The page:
Alfred Metraux died in Paris on April 12, 1963. He was, in my opinion, the world/s foremost authority on the South American Indian. His work and interests, however, ranged widely into other fields and other geographical areas. He was an influential teacher, a tireless field researcher, a productive writer, an efficient administrator, and an imaginative planner of projects in applied social science. Above all, he was a man of great erudition. He was truly a citizen of the world. Born in Lausanne, Switzerland, in 1902, he spent much of his childhood in Argentina where his father was a well known surgeon resident in Mendoza. He received his secondary and university education in Europe, at the Classical Gymnasium of Lausanne, the Ecole Nationale des Chartes in Paris, the Ecole Nationale des Langues Orientales (Diplome, 1925). The Ecole Pratique des Hautes Etudes (Diplome, 1927) and the Sorbonne (Docteur es Lettres, 1928). He also studied in Sweden, in Goteborg’s Hogskola, and did research at the Goteborg Museum. Among his teachers were Marcel Mauss, P aul Rivet, and Erland von Nordenskiold. While he was still a student he entered into correspondence with Father John Cooper who introduced him to the American school of cultural anthropology. It is said that Fahter Cooper did not realize at first that his scholarly correspondent was only 19 and 20 years old. They actually met much later, when Metraux came to the United States; but Fahter Cooper seems to have had considerable influence on Alfred Metraux’s thought. Metraux combined in his work the best of both the European and the American tradition of historical anthropology. His professional career was equally cosmopolitan. He founded and was the first director (1928 – 1934) of the Institute of Ethnology at the University of Tucuman(Argentina). In 1934-35, he led a French expedition to Easter Island, and in 1936 –38, he was a Fellow of the Bishop Museum in Honolulu. In 1939, he returned to Argentina and Bolivia for field research on a Guggenheim Fellowship. In 1940, upon his return to the United States from South America, he was in residence at Yale University with a renewal of his Guggenheim Fellowship. That next year, he worked with the Cross Cultural Survey (now the Human Relations Area Files) on South American data and was associated with such people as John Dollard, Leonard Bloomfield, and others of the Institute of Human Relations. In 1941, he joined the staff of the Byreau of American Ethnology of the Smithsonian Institution.. There, from 1941 to 1945, he played an important role in producing the monumental Handbook of South American Indians. Perhaps no other writer contributed as many pages to this work. As the editor, Julian Steward, acknowledges, “The extent of his (Metraux’s) contribution is by no means indicated by the large number of articles appearing under his name. With an unsurpassed knowledge of South American ethnology and ever generous of his time, his advice and help to the editor and contributors alike have been a major factor in the successful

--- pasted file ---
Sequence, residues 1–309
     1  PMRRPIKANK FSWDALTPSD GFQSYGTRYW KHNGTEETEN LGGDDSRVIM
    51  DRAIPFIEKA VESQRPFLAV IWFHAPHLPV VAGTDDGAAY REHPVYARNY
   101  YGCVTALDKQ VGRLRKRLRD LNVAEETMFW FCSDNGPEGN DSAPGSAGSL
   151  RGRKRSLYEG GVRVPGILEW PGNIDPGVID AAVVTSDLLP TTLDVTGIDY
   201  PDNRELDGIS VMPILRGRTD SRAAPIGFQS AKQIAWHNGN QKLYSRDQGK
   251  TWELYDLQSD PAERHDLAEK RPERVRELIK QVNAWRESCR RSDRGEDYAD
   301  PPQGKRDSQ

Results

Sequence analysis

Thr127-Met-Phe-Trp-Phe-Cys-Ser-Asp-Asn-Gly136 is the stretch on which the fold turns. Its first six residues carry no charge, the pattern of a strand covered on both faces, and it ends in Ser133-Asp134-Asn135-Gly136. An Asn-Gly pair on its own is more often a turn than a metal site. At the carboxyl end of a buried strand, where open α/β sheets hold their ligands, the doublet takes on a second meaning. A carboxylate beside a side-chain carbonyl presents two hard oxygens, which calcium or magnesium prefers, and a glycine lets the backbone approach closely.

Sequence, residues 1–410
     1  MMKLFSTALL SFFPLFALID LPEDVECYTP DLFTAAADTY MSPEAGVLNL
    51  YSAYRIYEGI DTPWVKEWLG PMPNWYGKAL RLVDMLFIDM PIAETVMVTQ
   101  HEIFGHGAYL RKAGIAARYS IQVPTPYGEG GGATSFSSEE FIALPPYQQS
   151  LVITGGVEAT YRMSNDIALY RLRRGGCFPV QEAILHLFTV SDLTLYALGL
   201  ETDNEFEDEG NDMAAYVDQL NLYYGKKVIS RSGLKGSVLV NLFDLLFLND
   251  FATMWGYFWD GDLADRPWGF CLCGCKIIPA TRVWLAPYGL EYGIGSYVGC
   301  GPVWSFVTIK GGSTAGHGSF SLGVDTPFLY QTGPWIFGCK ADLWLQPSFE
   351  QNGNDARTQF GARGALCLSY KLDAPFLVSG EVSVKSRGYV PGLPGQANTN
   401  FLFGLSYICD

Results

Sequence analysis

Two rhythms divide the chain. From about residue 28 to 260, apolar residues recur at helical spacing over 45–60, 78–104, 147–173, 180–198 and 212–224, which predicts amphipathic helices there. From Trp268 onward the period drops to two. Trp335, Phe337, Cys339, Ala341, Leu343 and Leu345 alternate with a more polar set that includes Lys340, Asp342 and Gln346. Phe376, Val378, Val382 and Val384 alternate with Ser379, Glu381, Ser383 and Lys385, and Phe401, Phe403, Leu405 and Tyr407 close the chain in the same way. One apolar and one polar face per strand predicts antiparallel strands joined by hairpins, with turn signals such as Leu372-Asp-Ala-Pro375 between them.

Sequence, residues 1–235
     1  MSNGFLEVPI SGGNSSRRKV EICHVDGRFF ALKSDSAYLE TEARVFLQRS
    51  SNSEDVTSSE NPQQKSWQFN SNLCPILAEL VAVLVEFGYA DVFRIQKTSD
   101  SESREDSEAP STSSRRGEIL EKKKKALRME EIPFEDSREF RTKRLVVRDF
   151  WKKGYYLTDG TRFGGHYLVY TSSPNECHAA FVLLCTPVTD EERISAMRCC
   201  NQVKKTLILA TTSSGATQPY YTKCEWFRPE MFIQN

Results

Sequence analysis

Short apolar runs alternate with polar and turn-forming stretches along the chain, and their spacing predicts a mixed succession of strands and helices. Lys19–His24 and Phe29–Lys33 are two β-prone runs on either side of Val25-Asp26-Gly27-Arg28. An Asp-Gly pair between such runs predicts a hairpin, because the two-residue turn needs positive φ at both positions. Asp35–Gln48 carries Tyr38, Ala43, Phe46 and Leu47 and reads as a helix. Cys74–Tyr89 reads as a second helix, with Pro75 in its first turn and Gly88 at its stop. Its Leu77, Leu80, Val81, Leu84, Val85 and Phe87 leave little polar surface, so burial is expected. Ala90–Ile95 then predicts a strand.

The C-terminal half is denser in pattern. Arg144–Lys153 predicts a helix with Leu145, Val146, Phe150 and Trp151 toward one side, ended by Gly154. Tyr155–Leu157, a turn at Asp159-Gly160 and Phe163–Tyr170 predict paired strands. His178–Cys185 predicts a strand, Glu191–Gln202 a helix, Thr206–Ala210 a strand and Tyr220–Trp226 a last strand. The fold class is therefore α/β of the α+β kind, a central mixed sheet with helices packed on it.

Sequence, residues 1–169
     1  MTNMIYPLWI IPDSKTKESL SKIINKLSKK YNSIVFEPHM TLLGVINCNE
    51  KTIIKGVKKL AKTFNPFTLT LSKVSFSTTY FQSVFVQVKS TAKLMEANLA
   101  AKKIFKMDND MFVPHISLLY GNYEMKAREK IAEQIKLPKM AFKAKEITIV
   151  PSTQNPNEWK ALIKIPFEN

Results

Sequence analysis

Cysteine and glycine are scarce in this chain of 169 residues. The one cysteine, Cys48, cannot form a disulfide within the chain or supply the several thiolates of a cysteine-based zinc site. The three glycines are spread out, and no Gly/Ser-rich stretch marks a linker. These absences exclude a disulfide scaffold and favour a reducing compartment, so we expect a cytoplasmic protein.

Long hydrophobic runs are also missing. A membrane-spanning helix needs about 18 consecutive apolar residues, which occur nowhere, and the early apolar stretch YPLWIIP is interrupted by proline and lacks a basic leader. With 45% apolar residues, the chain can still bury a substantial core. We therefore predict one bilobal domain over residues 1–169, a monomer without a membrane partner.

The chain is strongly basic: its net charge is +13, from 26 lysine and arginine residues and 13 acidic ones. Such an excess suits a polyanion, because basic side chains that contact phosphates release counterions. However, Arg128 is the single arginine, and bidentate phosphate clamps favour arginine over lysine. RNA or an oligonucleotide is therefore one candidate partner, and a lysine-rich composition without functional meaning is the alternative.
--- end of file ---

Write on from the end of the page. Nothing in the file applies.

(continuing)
and others. he . Before the day was over. edited by Charles Wagley (UNESCO. with personnel from the international Labor Office. but then out of his notes. from 1946 until 1962. I was attracted by Metraux’s invitation to join forces with him and to work in the Argentine Chaco. He also organized the research that led to a series of volumes on race relations in Brazil. the data were scarce and were published in Spanish. he was responsible for the participation of anthropologists in many important projects around the world. At first.” edited by Roger Bastide and Florestan Fernandes (Sao Paulo. and finally. but an effective translator of anthropological theory and knowledge into action. he studied the internal migrations of the Aymara and Quechua Indians in Peru and Bolivia (1954). perhaps in Brazil. Anthropology has lost not only a productive scholar. and German. he served the wor4ld and his profession well. He edited the series of pamphlets on The Race Question and Modern Thought and The Race Question and Modern Science. he led the UNESCO Marbial Valley (Haiti) anthropological survey from 1948 to 1950. in a way. Chile (1959-60). a man about my own age named Allan Holmberg. In 1946 and 1947. My knowledge of South American ethnography was scanty.. p. Portuguese. the Colegio de Mexico (1943). 1952). I had heard of. I. I hoped after completing my doctoral dissertation to undertake field research in South America. he was a member of the Department of Social Affairs of the United Nations. perhaps in the Gran Chaco. published by UNESCO since 1950. for South America was somewhat of an ethnographic “dark continent” at the time. in 1950. his traditional ties with Europe. Paris. I arrived in New Haven just before Metraux was to lecture. Although he had by then become a citizen of the United States.” (Vol. but in 1947 he was assigned to UNESCO. he became a permanent member of UNESCO’s Department of Social Science. Paris. Thus. Sanchez Labrador (El Paraguay catolico) of whom I had never heard. He took part in the Hylean Amazon project in 1947-1948. inter-cultural. His early view of war devastated Europe was important in his decision in 1946 to take a post on the secretariat of the United Nations. It also strengthened his belief in the necessity for European unity and for the need of a firm basis for international. and was armed with a long bibliography on the Chaco and on Brazilian Indians. this experience seems to have reaffirmed. the Excuela Nacional de Anthropologia. Alfred Metraux went to Europe as a member of the United States Bombing Survey and he saw the physical and moral desolation of Europe. such as “As relacues raciais entre negros a brancos em Sao Paulo. At the time of his death.completion of the work. Race and Class in Rural Brazil.9). who under Metraux’s guidance was also determined to do field research in South America. In the early spring of 1945. and the Facuidad Latino=Americanan de Ciencias Sociales. Italian. As an international civil servant. At UNESCO. I first met Alfred Metraux in 1939 when he was teaching at Yale University. Alfred Metraux taught briefly at the University of California. Santiago. and inter-racial understanding. That day he discussed the work of the 18th century Jesuit. he worked for his ideals of international and intercultural understanding within the framework of international organization with only occasional excursions into academic life and into anthropological field research. Berkeley (1938). Mexico (1943). I also met through Metraux that day a graduate student at Yale. In addition. French. and he consistently emphasized the anthropological point of view in all of the many programs with which he was associated. he was Professor of South American Anthropology at the Ecole Pratique des Hautes Etudes. 1955).